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that influence the growth of MSEs are many, complex and erratic. So that taking these all in to account, it is very essential to systematically analyze the factors that affect the growth of MSEs. Therefore, this study aims to investigate the determinant factors of MSEs growth in Mekelle city, Tigray regional state of Ethiopia in which major emphasis was given to examine the growth status of MSEs, to identify the key factors affecting they growth of MSEs and to critically analyze the causes and consequences. 2. Literature Review Firm growth is regarded as the most important, reliable and easily accessible measure of a firm's performance (Delmar, 1997) given that badly managed growth may lead to bankruptcy. Even though growth is a complex and multidimensional phenomenon, it goes without saying that a purely internal approach, limited to the impact of the resources and in particular to the determinant factors linked to the manager, neglects the effect of potential variables linked to firm, strategy, environment and interactions between these variables (Janssen, 2002). Firms that grow in their employment size are few and most others unable to grow and struggling to survive. To analyze the factors that make this difference a lot of studies were carried out (Cheng, 2006; Hasnu & Amjam, 2007; McPherson, 1996; Mead & Liedholm, 1998; Parker, 1995; Wasihun & Paul, 2010) but no theory has been developed specifically to measure the MSEs growth in developing countries. Nevertheless, it is important to review the existing theories on firm growth in order to guide the analysis and to point-out the way in which more complete and appropriate theories can be developed. 2.1 Growth measures There is a little agreement in the existing literature on how to measure growth thus most previous studies have used a variety of different measures such as total assets, sales, employment size, profit, capital, and others (Berkham et al., 1996; Davidsson & Wiklund, 2000; Holmes & Zimmer, 1994). Moreover, growth has been measured in absolute or relative terms. Perhaps the most common means of firm growth is through relatively objective and measurable characteristics such as growth in sales turnover, total assets and employment size. These measures are relatively uncontroversial, the data tend to be easily available and it increases the scope for cross study comparability (Freel & Robson, 2004). But it is difficult to get reliable time series data on growth of fixed assets/sales (better indicator of growth) and MSEs owners would be unable to report their sales or profits even at the present time expecting that their guesses as to sales of ten years ago would be accurate is folly. Hence, the measurement of growth in terms of changes in the numbers of workers is objective. Interestingly, Evans (1987) reports that estimates using employment size is similar to those that use sales besides growth in sales and growth in the number of workers are highly correlated. Therefore, this study measures the growth of MSEs using employment size. The growth rate of the MSEs is computed following Evans (1987) model i.e.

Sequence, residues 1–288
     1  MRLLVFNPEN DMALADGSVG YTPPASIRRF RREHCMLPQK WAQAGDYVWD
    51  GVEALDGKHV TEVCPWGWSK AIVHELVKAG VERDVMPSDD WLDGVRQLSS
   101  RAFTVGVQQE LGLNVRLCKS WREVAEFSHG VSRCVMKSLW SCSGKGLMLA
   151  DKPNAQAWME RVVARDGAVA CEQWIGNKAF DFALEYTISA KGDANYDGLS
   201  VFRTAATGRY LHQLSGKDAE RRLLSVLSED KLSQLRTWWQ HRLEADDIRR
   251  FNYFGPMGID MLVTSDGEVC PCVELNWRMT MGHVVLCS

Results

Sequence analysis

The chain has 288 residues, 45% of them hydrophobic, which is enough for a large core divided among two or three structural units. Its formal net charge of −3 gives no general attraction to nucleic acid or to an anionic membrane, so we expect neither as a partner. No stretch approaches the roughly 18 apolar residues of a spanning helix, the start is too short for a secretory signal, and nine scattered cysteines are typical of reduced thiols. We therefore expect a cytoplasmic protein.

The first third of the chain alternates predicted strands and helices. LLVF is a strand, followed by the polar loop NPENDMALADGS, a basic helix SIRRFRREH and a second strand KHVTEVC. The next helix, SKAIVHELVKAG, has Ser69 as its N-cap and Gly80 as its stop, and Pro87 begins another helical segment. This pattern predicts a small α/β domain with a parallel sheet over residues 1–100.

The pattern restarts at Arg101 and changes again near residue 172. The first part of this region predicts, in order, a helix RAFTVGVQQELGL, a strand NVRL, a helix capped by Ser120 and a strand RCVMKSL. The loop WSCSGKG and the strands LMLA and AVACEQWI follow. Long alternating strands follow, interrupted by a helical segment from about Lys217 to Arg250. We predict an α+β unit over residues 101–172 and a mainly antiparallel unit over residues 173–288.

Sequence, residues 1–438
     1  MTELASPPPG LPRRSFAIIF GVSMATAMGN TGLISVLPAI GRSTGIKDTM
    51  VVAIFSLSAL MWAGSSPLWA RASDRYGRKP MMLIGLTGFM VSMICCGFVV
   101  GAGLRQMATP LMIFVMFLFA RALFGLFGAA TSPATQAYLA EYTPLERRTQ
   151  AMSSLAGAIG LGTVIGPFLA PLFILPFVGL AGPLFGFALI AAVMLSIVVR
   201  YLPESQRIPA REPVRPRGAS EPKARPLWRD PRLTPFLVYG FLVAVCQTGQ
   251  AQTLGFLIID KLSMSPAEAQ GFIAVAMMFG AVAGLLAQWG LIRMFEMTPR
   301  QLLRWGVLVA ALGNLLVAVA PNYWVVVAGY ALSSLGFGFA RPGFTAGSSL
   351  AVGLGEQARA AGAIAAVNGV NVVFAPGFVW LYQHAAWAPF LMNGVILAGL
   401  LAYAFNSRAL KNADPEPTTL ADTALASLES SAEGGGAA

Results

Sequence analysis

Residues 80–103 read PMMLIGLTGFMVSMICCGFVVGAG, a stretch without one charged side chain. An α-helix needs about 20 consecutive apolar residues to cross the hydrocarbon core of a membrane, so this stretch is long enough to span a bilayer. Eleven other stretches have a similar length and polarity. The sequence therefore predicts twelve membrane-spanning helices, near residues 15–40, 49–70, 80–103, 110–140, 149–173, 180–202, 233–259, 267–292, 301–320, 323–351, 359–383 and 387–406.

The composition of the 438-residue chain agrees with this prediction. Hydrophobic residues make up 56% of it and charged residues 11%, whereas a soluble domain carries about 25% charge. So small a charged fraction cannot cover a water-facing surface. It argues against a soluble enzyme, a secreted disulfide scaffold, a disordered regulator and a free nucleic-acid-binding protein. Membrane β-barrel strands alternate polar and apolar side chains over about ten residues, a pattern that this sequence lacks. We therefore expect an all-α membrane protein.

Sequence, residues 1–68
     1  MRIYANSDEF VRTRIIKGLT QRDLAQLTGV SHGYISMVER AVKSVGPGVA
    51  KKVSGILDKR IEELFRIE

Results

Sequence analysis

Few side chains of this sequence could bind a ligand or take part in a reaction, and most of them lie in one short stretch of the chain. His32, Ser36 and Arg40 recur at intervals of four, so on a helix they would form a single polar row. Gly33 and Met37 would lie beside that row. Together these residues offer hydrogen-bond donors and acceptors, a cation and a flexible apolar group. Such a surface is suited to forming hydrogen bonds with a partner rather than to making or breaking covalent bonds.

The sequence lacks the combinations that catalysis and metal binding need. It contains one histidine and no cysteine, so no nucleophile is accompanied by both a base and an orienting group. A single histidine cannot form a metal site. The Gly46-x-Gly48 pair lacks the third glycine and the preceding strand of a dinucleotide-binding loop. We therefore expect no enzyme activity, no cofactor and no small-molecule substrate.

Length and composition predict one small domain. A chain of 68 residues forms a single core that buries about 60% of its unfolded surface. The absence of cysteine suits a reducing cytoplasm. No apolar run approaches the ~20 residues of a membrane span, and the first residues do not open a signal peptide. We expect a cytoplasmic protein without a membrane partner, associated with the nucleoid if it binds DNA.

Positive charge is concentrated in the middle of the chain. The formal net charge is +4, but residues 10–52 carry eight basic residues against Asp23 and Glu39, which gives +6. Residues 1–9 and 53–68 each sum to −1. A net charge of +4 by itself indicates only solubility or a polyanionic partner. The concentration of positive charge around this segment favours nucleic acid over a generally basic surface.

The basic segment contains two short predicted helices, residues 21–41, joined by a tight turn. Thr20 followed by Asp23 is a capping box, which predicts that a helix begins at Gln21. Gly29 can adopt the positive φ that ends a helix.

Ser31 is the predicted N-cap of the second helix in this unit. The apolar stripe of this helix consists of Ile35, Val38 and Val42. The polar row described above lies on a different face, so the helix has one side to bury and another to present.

gr =

ln S t ' − ln S t =Y* entage

where lnSt’ is natural logarithm of current employment size, lnSt is natural logarithm of initial employment size, entage is the age of MSEs and gr is growth rate of the enterprises. 3. Materials and Methods To examine the factors affecting the growth of MSEs, this study draws on empirical evidence from the 2012 survey covering 178 randomly selected MSEs from Mekelle city Tigray regional state of Ethiopia. A semistructured questionnaire and personal interview were used to collect first hand data. The data collected in this way was classified, summarized and presented using text and table, and analyzed using the descriptive statistical tools like percentages, ratios, mean and standard deviation. In addition, the econometric analysis tool that is binary choice logistic regression model was used to test the literature driven hypothesis and to draw conclusions. 3.1 The Model In this study MSEs are assumed to be either growing or survival (not growing). Hence the binary choice logistic regression model that assumes dichotomous dependent variable which takes either 1 or 0 value depending on Y* is used.

 1 if Y Y =   0 if Y

* *

> 0 ≤ 0

In a qualitative response model, the probability that Y=1 is given by the sign of the latent variable that is the probability that the latent variable becomes positive.

(

)

(

)

(

)

(

)

(

Pr Y * > 0 = Pr ob β ' X + ε > 0 = Pr ob ε > − β ' X = Pr ob ε < β ' X = F β ' X 128

)


Journal of Economics and Sustainable Development ISSN 2222-1700 (Paper) ISSN 2222-2855 (Online) Vol.4, No.9, 2013

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The finally employed model becomes:

Pr (Y = 1) = α + β 1 (genow ) + log β 2 (iis ) + β 3 (entloc ) + β 4 (ent sec ) + ε